(E)-Ethyl 2-cyano-5-phenylpent-4-enoate (2w):[26] Colorless oil (34.4 mg, 75% yield, E:Z > 25:1). 1H NMR (400 MHz, CDCl3) δ: 7.26~7.37 (m, 5H), 6.58 (d, J=16.0 Hz, 1H), 6.14~6.21 (m, 1H), 6.27 (q, J=7.2 Hz, 2H), 3.61~3.64 (m, 1H), 2.83~2.87 (m, 2H), 1.31 (t, J=7.2 Hz, 3H); 13C NMR (100 MHz, CDCl3) δ: 165.5, 136.2, 135.0, 128.6, 128.0, 126.4, 122.4, 116.1, 45.8, 63.0, 37.9, 33.3, 14.0.

    (E)-Ethyl 2-cyano-5-phenylpent-4-enoate (3): Colorless oil (60.8 mg, 95% yield). 1H NMR (400 MHz, CDCl3) δ: 3.02~3.09 (m, 1H), 2.25~2.29 (m, 1H), 2.16~2.22 (m, 1H), 2.10 (s, 3H), 1.83~1.86 (m, 2H), 1.56 (s, 1H), 1.37~1.41 (m, 4H), 1.17 (s, 6H), 1.13 (s, 6H), 1.02 (s, 3H), 0.91 (s, 3H); 13C NMR (100 MHz, CDCl3) δ: 208.8, 138.0, 127.4, 82.9, 45.9, 39.9, 36.1, 33.4, 30.0, 28.5, 27.6, 24.6, 24.5, 21.4, 19.5. HRMS (ESI) calcd for C19H33BO3Na [M+Na]+: 343.2415, found 343.2417.

    (E)-1, 5-Diphenylpent-4-en-1-ol (4):[6] Colorless oil (41.0 mg, 85% yield, E:Z > 25:1). 1H NMR (400 MHz, CDCl3) δ: 7.28~7.38 (m, 8H), 7.13~7.22 (m, 2H), 6.41 (d, J=16.0 Hz, 1H), 6.22~6.27 (m, 1H), 4.73~4.76 (m, 1H), 3.35~3.39 (m, 1H), 2.29~2.31 (m, 2H), 1.90~1.99 (m, 2H); 13C NMR (100 MHz, CDCl3) δ: 144.6, 137.6, 133.2, 130.4, 130.0, 128.5, 128.49, 128.5, 127.6, 126.9, 125.9, 125.9, 74.0, 38.5, 29.3.

    4-Oxo-4-phenylbutanoic acid (7):[20] White solid (27.0 mg, 75% yield). m.p. 117.0~118.2 ℃; 1H NMR (400 MHz, CDCl3) δ: 7.96~7.98 (m, 2H), 7.55~7.58 (m, 1H), 7.44~7.48 (m, 2H), 3.29~3.32 (m, 2H), 2.79~2.82 (m, 2H); 13C NMR (100 MHz, CDCl3) δ: 197.8, 179.0, 136.3, 133.3, 128.6, 128.0, 33.1, 28.1.

    (4E)-1, 5-Diphenylpent-4-en-1-one oxime (8):[21] White solid (34.0 mg, 67% yield, E:Z > 25:1). m.p. 115.3~116.6 ℃; 1H NMR (400 MHz, CDCl3) δ: 8.68 (s, 1H), 7.62~7.64 (m, 2H), 7.40~7.40 (m, 3H), 7.19~7.39 (m, 5H), 6.42 (d, J=15.6 Hz, 1H), 6.21~6.28 (m, 1H), 2.98~3.02 (m, 2H), 2.48~2.53 (m, 2H); 13C NMR (100 MHz, CDCl3) δ: 159.2, 137.5, 130.5, 129.3, 129.3, 128.6, 128.5, 127.0, 126.4, 126.0, 29.7, 26.1.

    Supporting Information Full experimental details, TEM images, XRD spectrums, photographs of before reaction and after reaction of B2Pin2 and 1a, 1H NMR spectrum of deuterium-labeling experiments, and 1H NMR and 13C NMR spectra for all compounds. The Supporting Information is available free of charge via the Internet at http://sioc-journal.cn/.


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  • Scheme 1  1, 4-Reduction of α, β, γ, δ-unsaturated alkenes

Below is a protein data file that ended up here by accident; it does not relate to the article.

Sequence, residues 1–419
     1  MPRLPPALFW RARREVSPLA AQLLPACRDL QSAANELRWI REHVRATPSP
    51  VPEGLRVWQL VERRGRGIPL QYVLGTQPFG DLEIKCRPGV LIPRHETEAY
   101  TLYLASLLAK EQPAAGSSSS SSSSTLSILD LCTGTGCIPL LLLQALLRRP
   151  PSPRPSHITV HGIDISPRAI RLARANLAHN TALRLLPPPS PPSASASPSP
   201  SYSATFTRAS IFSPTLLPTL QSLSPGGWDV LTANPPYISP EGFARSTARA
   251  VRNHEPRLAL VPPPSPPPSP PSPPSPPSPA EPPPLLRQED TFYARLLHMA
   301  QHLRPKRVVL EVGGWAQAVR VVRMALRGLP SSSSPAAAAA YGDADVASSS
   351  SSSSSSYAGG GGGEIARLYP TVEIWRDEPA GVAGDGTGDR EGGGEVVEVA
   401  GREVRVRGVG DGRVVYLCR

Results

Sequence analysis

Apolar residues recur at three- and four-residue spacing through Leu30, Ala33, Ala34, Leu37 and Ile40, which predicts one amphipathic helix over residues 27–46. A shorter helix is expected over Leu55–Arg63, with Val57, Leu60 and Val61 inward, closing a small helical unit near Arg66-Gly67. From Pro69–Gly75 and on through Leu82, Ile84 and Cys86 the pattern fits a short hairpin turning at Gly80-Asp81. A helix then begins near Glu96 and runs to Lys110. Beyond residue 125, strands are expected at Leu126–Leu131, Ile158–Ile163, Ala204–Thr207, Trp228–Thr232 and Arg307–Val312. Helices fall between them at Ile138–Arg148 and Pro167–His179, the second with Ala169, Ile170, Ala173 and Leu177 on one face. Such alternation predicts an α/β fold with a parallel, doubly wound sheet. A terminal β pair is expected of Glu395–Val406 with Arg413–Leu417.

Scheme 2  Cu-CuFe2O4-catalyzed the borylation reaction of natural products

    Scheme 3  Gram-scale experiment and synthetic applications

    Figure 1  Recyclability of the Cu-CuFe2O4 NPs catalyst

    Scheme 4  Control and hydrogen isotope labelling experiments

    Scheme 5  Possible mechanism

    Table 1.  Screening of reaction conditionsa

    Entry Catalyst Solvent Base t/h Yield b /%
    1 Micro Cu powder EtOH MeONa 6 12
    2 Nano Cu-CuFe2O4 EtOH MeONa 6 87
    3 Nano CuFe2O4 EtOH MeONa 6 28
    4 EtOH MeONa 6 0
    5 Nano Cu-CuFe2O4 EtOH t-BuOK 6 94
    6 Nano Cu-CuFe2O4 MeOH t-BuOK 6 92
    7 Nano Cu-CuFe2O4 EtOH t-BuOK 4 95
    8 Nano Cu-CuFe2O4 EtOH t-BuOK 2 86
    9 c Nano Cu-CuFe2O4 EtOH t-BuOK 4 70
    10 d Nano Cu-CuFe2O4 EtOH t-BuOK 4 79
    a Unless otherwise noted, the reactions were carried out with 1a (0.2 mmol), B2pin2 (0.21 mmol), catalyst (0.5 mol%), base (0.1 equiv.), solvent (2 mL), 30 ℃, under air. b Isolated yield. c 5 mol% of base. d 0.25 mol% of catalyst.
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    Table 2.  α, β, γ, δ-Unsaturated carbonyl scopea, b

    a Reaction conditions: 2 (0.2 mmol), B2(Pin)2 (0.22 mmol), EtOH (2 mL), KOtBu (0.02 mmol), and Cu-CuFe2O4 (0.6 mg, 0.5 mol%) at 30 ℃ under air for 4 h. The values in parentheses are the E/Z ratios detected by 1H NMR spectroscopy. b Isolated yield. c 60 ℃.
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  • 发布日期:  2020-08-01
  • 收稿日期:  2020-03-20
  • 修回日期:  2020-05-11
  • 网络出版日期:  2020-05-27
通讯作者: 陈斌, bchen63@163.com